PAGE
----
“Unpredictable” is the best one-word summation of the game of baseball. On June 22, I was in Las Vegas to attend a Pacific Coast League matchup between the hometown 51s (Triple-A affiliate of the New York Mets) and the Salt Lake Bees (Triple-A affiliate of the Los Angeles Angels). In a game featuring a couple of top prospects on one team and an overflow of Quad-A players on the other side, one would think the main attraction would be the prospects, correct? In this instance, the young stars of tomorrow were completely overshadowed by the offensive light show put on by the Bees. One would also expect plenty of runs with a pitching matchup of Donovan Hand and Luis Diaz on tap, but the scoring was surprisingly one-sided.
These observations were evident from the moment the first pitched was delivered. The Bees got to Hand right away in the first, notching three runs out of the gate. They only slowed up for one inning, as the second inning turned out to be the only frame that they would fail to tally a run. Meanwhile, Diaz hummed along, tossing seven strong innings of two-run ball while fanning six.
On the prospect front, I didn’t get to see the results on the field necessarily, although the shines of Amed Rosario and Dominic Smith were evident nonetheless. Rosario had his fair share of struggles in the contest, striking out twice and committing an error at shortstop, although his first at-bat was a great example of what he can bring to the table even on days in which he’s not at the top of his game. The 21-year-old shortstop drew a five-pitch walk and proceeded to swipe second base to move into scoring position for Smith. Although he doesn’t walk overly much, he has worked to improve his approach at the plate in an effort to cut back on his strikeouts as he prepares for a full-time gig in the big leagues. His combination of speed and contact can make him a valuable fantasy asset for years to come, especially as he fills out more throughout his career.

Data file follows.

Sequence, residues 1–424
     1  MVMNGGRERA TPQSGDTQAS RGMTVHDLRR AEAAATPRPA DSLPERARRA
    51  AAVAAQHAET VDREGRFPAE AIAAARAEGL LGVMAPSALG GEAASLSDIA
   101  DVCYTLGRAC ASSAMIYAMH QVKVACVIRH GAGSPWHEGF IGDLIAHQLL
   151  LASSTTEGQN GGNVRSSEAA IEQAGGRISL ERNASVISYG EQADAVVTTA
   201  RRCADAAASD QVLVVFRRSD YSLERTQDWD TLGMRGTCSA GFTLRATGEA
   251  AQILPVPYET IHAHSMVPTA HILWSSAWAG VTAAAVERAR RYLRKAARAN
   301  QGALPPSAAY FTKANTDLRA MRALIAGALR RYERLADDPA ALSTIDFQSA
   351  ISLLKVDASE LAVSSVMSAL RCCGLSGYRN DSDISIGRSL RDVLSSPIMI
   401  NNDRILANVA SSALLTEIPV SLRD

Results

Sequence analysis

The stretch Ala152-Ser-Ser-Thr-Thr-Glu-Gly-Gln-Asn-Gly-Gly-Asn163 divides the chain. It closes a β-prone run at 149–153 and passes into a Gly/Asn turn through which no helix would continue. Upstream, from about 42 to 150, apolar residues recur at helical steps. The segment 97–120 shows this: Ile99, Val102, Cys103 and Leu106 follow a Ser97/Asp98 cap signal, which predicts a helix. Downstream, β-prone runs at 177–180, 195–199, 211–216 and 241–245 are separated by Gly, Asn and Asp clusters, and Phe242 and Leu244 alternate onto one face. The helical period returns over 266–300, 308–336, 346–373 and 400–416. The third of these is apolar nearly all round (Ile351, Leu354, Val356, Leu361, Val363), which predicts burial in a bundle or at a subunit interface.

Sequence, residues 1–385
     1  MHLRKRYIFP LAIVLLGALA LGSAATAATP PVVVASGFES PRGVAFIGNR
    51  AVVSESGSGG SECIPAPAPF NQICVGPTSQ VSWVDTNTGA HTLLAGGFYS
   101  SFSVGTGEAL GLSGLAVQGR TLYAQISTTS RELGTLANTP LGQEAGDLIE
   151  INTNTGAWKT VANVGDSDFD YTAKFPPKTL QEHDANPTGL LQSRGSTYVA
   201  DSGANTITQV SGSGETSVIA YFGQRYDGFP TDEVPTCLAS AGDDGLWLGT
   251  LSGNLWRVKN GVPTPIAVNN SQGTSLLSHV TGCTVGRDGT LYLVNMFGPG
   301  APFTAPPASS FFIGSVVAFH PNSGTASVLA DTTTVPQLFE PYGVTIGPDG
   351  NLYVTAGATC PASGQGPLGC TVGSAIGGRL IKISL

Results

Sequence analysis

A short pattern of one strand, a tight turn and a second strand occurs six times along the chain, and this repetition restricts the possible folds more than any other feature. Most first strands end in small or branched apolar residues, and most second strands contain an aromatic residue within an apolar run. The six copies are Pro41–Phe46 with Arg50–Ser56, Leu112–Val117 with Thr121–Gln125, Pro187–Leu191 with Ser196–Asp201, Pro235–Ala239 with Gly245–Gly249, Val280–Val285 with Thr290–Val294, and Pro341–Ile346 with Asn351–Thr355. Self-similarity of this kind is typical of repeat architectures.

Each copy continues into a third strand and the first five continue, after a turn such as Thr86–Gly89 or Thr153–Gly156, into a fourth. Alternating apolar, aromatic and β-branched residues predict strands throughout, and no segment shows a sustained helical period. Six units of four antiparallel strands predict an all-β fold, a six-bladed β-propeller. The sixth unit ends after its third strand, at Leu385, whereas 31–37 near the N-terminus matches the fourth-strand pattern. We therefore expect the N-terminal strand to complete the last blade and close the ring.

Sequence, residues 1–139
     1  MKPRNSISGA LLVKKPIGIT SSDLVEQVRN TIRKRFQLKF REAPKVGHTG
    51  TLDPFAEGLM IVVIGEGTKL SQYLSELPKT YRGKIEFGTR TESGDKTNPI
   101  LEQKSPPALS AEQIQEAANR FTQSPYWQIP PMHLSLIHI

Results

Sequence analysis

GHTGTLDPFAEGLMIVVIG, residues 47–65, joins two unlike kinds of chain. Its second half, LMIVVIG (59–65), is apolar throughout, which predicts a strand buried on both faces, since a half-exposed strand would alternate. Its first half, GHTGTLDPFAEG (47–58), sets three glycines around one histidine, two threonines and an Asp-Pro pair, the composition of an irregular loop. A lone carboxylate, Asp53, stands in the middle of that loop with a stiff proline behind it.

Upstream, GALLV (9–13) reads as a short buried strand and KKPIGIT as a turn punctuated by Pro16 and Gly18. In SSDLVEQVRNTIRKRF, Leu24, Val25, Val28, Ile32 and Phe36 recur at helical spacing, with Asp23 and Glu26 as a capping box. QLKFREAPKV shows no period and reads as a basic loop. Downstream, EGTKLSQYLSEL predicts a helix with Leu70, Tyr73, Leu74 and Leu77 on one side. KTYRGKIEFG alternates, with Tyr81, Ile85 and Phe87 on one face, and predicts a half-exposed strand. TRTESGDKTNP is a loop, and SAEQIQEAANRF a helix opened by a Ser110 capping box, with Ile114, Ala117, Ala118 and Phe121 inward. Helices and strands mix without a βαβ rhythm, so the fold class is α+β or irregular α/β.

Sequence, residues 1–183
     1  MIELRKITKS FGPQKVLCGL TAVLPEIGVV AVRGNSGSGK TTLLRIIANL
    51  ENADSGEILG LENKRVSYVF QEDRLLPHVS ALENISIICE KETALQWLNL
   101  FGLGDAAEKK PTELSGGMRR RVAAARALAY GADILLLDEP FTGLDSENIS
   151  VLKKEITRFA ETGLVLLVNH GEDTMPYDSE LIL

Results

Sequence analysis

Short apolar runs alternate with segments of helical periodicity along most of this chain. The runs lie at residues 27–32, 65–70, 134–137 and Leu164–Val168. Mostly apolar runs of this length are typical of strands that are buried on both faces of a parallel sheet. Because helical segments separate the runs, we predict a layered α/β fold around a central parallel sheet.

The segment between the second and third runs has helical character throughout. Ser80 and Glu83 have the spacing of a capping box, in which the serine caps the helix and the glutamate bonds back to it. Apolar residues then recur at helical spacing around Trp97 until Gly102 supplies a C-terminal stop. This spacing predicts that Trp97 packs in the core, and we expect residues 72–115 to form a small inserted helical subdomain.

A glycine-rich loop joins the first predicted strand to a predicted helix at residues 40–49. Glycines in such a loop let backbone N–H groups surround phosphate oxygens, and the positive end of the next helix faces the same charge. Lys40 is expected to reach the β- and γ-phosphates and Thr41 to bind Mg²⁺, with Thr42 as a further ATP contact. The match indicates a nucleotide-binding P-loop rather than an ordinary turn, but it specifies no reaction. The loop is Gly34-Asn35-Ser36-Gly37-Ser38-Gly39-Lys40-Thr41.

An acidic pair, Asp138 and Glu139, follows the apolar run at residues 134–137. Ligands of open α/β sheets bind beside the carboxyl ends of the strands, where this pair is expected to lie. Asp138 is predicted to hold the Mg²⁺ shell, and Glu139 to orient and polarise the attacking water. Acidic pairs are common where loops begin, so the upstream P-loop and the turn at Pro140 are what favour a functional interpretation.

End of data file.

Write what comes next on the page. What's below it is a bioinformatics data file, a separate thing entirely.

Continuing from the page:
Smith also showed flashes of excellence. He only managed to collect one hit in his four plate appearances, although he was ripping the ball all night. After a first inning popout, the first base prospect hit a sharp groundball single and made two loud outs to right and left field. There’s a lot of power in his bat, and if he can continue his good approach at the plate, he could be a mainstay at first base in New York for years to come.
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The real story of the game was Kaleb Cowart, however. Cowart has consistently produced at the Triple-A level over the past few seasons but hasn’t been able to translate that success to the majors. This mastery of the minors was evident Thursday evening, as Cowart wound up hitting for the cycle in a 6-for-6 night at the plate. He bashed three doubles and clobbered an opposite-field homer, but the most impressive hit in my book was the triple to complete the cycle. Cashman Field’s center field fence lies a massive 433 feet away from the plate, but the 25-year-old burned the 51s’ center fielder Victor Cruzado with a one-hopper off the fence that would’ve likely left most major-league parks. Cowart’s big performance was rewarded shortly thereafter with a callup to the big leagues, where he’ll look to finally maintain his spot in the big leagues as one of the Halos’ primary infielders.
All in all, the game was an awesome experience. It certainly was not what I expected to see, but that’s the beauty of baseball. Instead of getting a show by some of the brightest prospects in all of baseball, I was treated to the first cycle I’ve ever seen in person, making for a fun and memorable evening at the ballpark.